Anybody here remember what American rivers were like a half-century ago?
Suffice it to say, some were so polluted they caught on fire. Others were open sewers. Most were dead. Too toxic for fish, unsafe for swimming.
Then came the Clean Water Act, passed 50 years ago this fall.
Although critics may fuss about the regulatory side of the law, the simple truth is that it and other measures were much more carrot than stick, providing grants and other programs to pay for sewer systems across America, for example.
In the 50 years since the act passed, the federal government invested over $100 billion in construction of sewage treatment plants.
For a river-rich, water-wealthy region such as ours, the act has been a godsend.
Missouri wouldn’t have its multibillion-dollar outdoor or tourism industries without it. Or a Table Rock Lake that was of any recreational value. Without it, most places wouldn’t even have safe drinking water.
“I believe that the (Clean Water Act) is far and away the most significant and promising piece of environmental legislation ever enacted by the Congress,” said former U.S. Sen. Howard Baker — a Republican who later served as Ronald Reagan’s chief of staff.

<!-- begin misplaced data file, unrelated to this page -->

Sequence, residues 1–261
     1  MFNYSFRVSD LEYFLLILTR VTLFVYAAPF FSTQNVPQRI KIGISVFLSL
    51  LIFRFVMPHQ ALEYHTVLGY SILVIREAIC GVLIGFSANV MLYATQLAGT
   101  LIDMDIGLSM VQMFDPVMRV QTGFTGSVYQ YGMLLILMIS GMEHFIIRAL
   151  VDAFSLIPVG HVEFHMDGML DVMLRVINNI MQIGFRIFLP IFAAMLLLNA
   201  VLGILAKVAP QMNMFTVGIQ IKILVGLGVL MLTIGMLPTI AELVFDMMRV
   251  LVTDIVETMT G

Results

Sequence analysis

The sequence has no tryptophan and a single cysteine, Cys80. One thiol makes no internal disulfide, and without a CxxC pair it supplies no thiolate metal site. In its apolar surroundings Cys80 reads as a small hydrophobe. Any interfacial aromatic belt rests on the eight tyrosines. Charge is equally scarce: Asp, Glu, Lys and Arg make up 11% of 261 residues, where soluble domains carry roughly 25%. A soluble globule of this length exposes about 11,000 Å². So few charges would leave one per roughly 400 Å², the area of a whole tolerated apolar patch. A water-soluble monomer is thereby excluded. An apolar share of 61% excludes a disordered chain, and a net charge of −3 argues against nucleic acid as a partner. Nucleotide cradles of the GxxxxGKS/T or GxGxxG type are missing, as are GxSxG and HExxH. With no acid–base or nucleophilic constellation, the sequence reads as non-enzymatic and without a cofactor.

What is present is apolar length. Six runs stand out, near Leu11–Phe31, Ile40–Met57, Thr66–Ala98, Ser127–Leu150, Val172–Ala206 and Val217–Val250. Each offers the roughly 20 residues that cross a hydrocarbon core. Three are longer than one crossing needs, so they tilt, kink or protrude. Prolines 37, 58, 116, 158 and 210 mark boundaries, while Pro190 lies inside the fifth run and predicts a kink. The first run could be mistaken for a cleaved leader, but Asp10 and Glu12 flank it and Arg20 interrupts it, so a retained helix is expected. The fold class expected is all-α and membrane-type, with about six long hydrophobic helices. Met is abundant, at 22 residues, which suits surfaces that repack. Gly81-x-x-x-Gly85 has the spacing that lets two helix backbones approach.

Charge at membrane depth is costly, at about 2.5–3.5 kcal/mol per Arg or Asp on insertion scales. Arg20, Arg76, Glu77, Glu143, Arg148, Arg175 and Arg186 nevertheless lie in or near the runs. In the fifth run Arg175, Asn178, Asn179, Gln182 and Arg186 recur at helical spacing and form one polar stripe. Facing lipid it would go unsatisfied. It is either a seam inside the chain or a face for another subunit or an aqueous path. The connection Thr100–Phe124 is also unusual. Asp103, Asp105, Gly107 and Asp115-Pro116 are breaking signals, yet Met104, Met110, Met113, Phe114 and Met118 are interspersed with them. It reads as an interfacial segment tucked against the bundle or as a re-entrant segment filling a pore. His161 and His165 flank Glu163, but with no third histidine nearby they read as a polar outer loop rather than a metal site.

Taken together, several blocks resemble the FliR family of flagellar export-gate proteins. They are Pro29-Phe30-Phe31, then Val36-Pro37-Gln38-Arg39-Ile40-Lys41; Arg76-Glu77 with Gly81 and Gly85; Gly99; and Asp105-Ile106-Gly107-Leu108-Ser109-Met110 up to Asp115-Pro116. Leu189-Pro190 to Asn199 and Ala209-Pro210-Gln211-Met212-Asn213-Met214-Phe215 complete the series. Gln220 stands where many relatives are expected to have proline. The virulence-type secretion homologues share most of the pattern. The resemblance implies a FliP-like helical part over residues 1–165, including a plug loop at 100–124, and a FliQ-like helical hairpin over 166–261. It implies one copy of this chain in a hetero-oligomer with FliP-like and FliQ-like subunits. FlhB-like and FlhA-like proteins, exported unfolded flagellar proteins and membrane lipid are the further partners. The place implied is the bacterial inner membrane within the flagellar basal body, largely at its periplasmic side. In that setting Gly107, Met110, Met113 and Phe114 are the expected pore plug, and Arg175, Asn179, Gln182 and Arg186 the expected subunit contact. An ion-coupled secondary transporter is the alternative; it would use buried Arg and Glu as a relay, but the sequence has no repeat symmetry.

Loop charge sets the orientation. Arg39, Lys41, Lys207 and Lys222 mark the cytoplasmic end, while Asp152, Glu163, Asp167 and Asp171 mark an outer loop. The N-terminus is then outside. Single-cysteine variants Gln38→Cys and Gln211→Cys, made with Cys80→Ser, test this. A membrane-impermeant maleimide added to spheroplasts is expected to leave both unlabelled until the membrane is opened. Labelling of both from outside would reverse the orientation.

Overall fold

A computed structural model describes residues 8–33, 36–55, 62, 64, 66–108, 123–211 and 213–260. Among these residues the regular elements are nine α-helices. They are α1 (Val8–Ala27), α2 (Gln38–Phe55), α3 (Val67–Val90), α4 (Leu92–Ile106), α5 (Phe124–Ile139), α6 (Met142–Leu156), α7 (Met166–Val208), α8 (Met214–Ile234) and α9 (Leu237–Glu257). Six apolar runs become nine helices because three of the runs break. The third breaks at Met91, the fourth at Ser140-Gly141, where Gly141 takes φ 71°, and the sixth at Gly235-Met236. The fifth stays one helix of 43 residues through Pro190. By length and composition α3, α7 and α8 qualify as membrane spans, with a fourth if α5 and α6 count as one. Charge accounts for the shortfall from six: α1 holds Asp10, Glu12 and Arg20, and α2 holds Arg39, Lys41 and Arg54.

Still, we have a long way to go.
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Earlier this year, two University of Missouri researchers, attorney Robin Rotman and engineer Kathleen Trauth, concluded that for all the good it has done, all the value it has added, it is not enough.
They cite the National Water Quality Inventory, which found that 70% of lakes, reservoirs and ponds and 55% of rivers and streams in the U.S. are impaired by pollution.
A half-century ago, the focus was on pollution from specific sites that would be addressed — factories, for example, and wastewater treatment plants. Today, and especially in the Midwest, nonpoint pollution, such as runoff across a parking lot or through a pasture or off of yards, is “the biggest threat” to water quality today.
Fertilizers and insecticides from the Mississippi River, for example, have helped turn the Gulf of Mexico into a hypoxic zone, better understood as a dead area.
Prozac, birth control pills, PFAs and countless other chemicals that are part of our lifestyle are still a threat to our lakes, rivers, wetlands and coastal areas, drinking water, wildlife … and, of course, our health.
In other words, we can celebrate how far we’ve come, while recognizing we have a long way to go. Nearly every river in Southwest Missouri is on the state’s list of impaired waters because of heavy metals, E. coli, fertilizers, insecticides and more.
We call on government leaders at all levels to use this milestone to double down on the Clean Water Act, to take further steps to make sure our children are left a safer, cleaner world.
— The Joplin (Missouri) Globe